Is New York still primarily a renter’s market?

Yes. We have roughly 3.1 million housing units; about two million of those are rental; 1.1 million are “for sale.” The rest of America is about two-thirds ownership and one-third rental. Of note, we are at one of the lowest points of home ownership in America in almost 50 years, at 61 percent. Nationally, we reached almost 67 percent home ownership around 2007, and then the Global Financial Crisis occurred. The residential ownership product didn’t disappear but rather it changed, from ownership to rental. Many foreclosures occurred and speculative investment found a good return on the rental side.

Figuring out how to grow the rental side of New York City’s market is difficult, especially when most land is being priced at condo prices.

For our 8.6 million people in New York City, we only have approximately 140,000 condos in the marketplace, (90,000 of which are located in Manhattan), 374,000 co-ops, and about 635,000 one-to-three family homes. There is a scarcity of ownership opportunities. The problem is that the supply being added is geared to the super luxury end of the marketplace, which is razor-thin and does not address our real housing needs.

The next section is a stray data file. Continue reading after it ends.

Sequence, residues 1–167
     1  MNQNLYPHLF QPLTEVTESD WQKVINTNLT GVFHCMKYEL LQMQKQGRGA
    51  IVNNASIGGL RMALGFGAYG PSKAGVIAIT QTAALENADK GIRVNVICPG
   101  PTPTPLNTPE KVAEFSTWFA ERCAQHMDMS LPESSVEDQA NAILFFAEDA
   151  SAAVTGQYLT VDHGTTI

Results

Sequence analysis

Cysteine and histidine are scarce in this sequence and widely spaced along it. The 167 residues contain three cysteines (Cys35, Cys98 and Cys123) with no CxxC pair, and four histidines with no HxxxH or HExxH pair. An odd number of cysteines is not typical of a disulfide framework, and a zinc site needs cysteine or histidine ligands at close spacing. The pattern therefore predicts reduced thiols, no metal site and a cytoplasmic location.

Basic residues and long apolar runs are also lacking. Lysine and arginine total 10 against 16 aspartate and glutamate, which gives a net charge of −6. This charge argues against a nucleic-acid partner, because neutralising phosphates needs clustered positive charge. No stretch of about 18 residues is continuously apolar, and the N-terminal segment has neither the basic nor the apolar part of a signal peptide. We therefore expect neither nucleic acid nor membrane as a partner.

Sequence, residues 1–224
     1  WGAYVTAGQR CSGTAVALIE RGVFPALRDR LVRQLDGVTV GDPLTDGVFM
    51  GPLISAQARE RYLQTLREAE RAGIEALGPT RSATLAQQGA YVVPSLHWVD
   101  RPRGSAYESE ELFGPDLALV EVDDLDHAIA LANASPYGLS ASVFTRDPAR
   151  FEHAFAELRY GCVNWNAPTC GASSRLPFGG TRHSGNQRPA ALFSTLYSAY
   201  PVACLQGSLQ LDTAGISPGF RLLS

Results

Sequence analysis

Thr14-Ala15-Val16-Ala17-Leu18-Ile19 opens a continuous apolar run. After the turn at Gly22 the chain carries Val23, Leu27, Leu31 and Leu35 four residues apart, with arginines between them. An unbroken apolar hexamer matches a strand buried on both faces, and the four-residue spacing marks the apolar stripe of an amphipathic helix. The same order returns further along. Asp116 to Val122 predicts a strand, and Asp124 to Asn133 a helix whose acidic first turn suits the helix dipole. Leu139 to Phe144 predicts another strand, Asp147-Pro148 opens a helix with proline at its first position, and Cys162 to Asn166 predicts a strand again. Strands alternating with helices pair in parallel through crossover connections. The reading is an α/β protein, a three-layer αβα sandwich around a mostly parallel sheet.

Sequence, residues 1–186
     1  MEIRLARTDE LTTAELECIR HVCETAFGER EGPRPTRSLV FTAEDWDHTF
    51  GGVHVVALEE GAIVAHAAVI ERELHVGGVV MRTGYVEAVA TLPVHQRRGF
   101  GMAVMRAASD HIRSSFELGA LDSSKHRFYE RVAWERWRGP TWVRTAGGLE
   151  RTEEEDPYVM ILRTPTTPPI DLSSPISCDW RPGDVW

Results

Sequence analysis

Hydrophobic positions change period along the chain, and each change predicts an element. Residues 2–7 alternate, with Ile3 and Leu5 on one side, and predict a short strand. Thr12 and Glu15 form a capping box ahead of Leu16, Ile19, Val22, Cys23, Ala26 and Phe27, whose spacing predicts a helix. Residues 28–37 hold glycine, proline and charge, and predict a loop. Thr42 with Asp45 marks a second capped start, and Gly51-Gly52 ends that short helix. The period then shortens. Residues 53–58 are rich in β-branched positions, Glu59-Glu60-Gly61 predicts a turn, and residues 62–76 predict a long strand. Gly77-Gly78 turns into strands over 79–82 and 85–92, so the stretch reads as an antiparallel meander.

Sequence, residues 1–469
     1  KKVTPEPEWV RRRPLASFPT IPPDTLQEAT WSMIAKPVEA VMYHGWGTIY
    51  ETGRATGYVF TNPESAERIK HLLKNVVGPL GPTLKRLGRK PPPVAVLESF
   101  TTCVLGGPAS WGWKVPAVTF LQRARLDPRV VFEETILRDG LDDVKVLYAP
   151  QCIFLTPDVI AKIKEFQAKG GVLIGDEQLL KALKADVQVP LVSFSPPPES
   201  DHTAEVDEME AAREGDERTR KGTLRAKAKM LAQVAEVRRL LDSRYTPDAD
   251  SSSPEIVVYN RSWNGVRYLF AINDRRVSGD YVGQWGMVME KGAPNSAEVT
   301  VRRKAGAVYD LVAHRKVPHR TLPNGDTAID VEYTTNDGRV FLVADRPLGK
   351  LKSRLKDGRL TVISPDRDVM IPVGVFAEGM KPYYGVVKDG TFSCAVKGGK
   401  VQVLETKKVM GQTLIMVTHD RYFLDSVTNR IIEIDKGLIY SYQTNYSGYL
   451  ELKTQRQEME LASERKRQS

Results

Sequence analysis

Is there even such a thing as affordable housing at this point?

The de Blasio administration has been attempting to stimulate affordable housing. What needs to be done, in my opinion, is to incentivize developers to build affordable housing, not punish them. If we don’t build more affordable housing, we are at risk of losing New York’s diversity, which is our strength. I think we need to provide incentives such as new zoning laws that increase the size of allowable potential projects but only if a significant percentage of affordable housing is included. I do not think that forcing affordable housing onto current projects works well because developers are essentially being punished by having to “re-price” their projects after they budgeted their costs and after they purchased their land. Instead, if the city created increased zoning in underutilized areas and linked the rezoning to producing a significant amount of affordable housing, I think this would be a fair way to stimulate and incentivize the marketplace.